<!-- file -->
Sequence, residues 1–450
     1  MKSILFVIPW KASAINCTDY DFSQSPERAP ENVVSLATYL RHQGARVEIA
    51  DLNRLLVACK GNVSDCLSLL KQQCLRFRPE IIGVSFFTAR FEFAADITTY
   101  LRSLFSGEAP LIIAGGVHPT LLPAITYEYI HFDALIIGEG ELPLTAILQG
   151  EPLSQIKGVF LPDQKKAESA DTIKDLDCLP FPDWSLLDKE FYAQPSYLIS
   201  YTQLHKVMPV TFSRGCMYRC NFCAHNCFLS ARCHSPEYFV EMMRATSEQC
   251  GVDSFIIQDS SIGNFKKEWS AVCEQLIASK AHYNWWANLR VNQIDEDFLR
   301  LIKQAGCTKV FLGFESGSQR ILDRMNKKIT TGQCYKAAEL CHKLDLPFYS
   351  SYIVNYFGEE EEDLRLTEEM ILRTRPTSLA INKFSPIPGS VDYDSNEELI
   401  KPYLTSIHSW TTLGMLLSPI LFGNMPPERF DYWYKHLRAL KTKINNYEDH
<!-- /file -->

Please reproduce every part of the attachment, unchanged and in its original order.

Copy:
Sequence, residues 1–450
     1  MKSILFVIPW KASAINCTDY DFSQSPERAP ENVVSLATYL RHQGARVEIA
    51  DLNRLLVACK GNVSDCLSLL KQQCLRFRPE IIGVSFFTAR FEFAADITTY
   101  LRSLFSGEAP LIIAGGVHPT LLPAITYEYI HFDALIIGEG ELPLTAILQG
   151  EPLSQIKGVF LPDQKKAESA DTIKDLDCLP FPDWSLLDKE FYAQPSYLIS
   201  YTQLHKVMPV TFSRGCMYRC NFCAHNCFLS ARCHSPEYFV EMMRATSEQC
   251  GVDSFIIQDS SIGNFKKEWS AVCEQLIASK AHYNWWANLR VNQIDEDFLR
   301  LIKQAGCTKV FLGFESGSQR ILDRMNKKIT TGQCYKAAEL CHKLDLPFYS
   351  SYIVNYFGEE EEDLRLTEEM ILRTRPTSLA INKFSPIPGS VDYDSNEELI
   401  KPYLTSIHSW TTLGMLLSPI LFGNMPPERF DYWYKHLRAL KTKINNYEDH